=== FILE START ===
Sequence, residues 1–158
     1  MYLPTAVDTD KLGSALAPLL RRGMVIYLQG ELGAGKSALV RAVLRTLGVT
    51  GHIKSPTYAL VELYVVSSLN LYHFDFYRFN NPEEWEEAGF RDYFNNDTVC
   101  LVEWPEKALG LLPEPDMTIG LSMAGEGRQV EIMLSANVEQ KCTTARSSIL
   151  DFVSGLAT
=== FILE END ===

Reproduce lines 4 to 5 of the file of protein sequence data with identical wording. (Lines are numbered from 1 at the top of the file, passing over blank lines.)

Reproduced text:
   101  LVEWPEKALG LLPEPDMTIG LSMAGEGRQV EIMLSANVEQ KCTTARSSIL
   151  DFVSGLAT